An Honest Review of The Clutter Connection


Last year I read a very interesting book by Cassandra Aarssen called The Clutter Connection, How Your Personality Type Determines Why You Organize the Way You Do (affiliated link).

The first time I took her test was on her website,, I came out as a “Butterfly.”  But when I read her mini online book detailing the four different organizing styles that are based on your personality, I thought I was a Bee who coveted being a Cricket!  (See her website for a quick explanation of the four Clutter Bugs.)

I bought this book since it goes into depth on the four areas, with color pictures, and I wanted to know more.  I was skeptical of her test and felt that the questions weren’t clear enough, so I took the test in the book several times on different days, and again after reading each of the four sections of her book.

I felt that on many of the questions I could answer “Yes” to 3 out of the 4 scenarios.  So one time I did this on all the questions, and then added up my score that way. 

Ultimately, I kept scoring as a Butterfly by 1 or 2 points over being a Ladybug, and my Cricket and Bee scores were even, and just a point or 2 below Ladybug.  I felt I was coming out too even across all the categories, which is impossible.  I was frustrated because I’d say to myself, “But I put things away!  I use drawers!  I use filing cabinets!  How could I possibly be a Butterfly?”

Then, finally, I realized that I was to take the test as if I had absolutely no organizational systems in place at all, what my natural state would be if I never tried to organize anything at all, and Wham! it worked.  I could see how and why I was a “Butterfly”! 

I’d been confused because I have many organizational systems in place that are working for me because I had already SOLVED many of a Butterfly’s typical organizational problems.  Since I am able to:  put folded laundry in drawers, put the peanut butter back in the pantry each morning, hang clean clothes immediately in closets, put papers in certain filing systems, put my make-up back into the drawer each morning, etc., my organizational successes were skewing my test results!  Once I realized I was to take the test as a newbie, and got my result as a strong butterfly, things began clicking for me.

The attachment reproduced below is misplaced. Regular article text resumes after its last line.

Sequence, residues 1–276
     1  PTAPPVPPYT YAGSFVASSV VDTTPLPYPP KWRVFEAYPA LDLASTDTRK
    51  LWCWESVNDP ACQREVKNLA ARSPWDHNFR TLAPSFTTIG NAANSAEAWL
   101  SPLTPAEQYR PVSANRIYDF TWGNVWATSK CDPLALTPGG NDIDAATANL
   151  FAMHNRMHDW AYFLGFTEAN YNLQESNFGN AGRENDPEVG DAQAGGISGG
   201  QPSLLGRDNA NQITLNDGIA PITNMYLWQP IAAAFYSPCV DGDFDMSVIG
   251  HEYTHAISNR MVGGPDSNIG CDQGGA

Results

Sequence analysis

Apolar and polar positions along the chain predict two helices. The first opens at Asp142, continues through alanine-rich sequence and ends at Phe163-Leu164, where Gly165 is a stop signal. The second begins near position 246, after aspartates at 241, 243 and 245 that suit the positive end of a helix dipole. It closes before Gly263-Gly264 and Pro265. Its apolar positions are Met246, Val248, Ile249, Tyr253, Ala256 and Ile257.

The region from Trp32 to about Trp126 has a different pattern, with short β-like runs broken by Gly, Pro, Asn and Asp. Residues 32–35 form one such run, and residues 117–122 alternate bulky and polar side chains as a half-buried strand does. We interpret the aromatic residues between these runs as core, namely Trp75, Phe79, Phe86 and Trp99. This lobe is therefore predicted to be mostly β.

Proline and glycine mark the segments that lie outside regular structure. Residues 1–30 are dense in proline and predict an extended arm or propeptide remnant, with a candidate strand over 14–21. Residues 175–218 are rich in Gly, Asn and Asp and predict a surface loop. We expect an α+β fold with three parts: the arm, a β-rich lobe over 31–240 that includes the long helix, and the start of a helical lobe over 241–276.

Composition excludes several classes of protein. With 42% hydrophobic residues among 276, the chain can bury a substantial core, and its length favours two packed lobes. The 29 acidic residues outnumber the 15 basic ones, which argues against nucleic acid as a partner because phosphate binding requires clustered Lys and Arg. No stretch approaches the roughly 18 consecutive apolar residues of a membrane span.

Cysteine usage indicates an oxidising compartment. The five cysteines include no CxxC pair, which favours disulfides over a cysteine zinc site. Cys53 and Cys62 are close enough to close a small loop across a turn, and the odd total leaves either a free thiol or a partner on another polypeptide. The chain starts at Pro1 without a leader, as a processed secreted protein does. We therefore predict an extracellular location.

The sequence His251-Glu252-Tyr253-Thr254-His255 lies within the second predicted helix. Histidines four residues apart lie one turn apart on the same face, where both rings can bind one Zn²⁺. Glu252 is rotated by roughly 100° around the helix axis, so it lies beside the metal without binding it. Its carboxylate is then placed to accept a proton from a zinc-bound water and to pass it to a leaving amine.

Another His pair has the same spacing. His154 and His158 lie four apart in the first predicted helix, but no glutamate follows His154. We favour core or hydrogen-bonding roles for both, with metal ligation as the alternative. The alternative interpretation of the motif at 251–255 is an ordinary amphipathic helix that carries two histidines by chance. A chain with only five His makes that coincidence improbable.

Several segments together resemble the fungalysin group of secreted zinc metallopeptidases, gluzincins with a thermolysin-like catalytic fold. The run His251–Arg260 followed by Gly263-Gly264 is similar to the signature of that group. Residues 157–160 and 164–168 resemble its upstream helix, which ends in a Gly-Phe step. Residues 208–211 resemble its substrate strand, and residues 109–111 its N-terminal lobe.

All at once I realized WHY I am indeed a Butterfly!  While I crave organizational simplicity, like a Ladybug, I must have lots of color, and I have the tendency to forget about things that are hidden in solid bins or baskets.  I’m always saying how boring brown house exteriors are, and how I just can’t stand brown or grey walls.  Black shutters, yuck!  An all white room?  Boring!  Unless you are highlighting some incredible items that are colorful and make the room pop!  Well, I like that

It really was revolutionary to me.  Things just clicked and I got what she was trying to convey. 

I was instantly able to go around my house and confirm WHY certain organizing styles worked for me, and why others didn’t.  I re-evaluated every room with new eyes.  I was able to go into my “junk” room and grab some trays and see-though bins with lids, and baskets without lids, and put them to work for me in a way that made sense, ensuring that I would be able to use them.  I moved forward with a new understanding that helped me not fall victim to every organizational technique and gadget in the stores!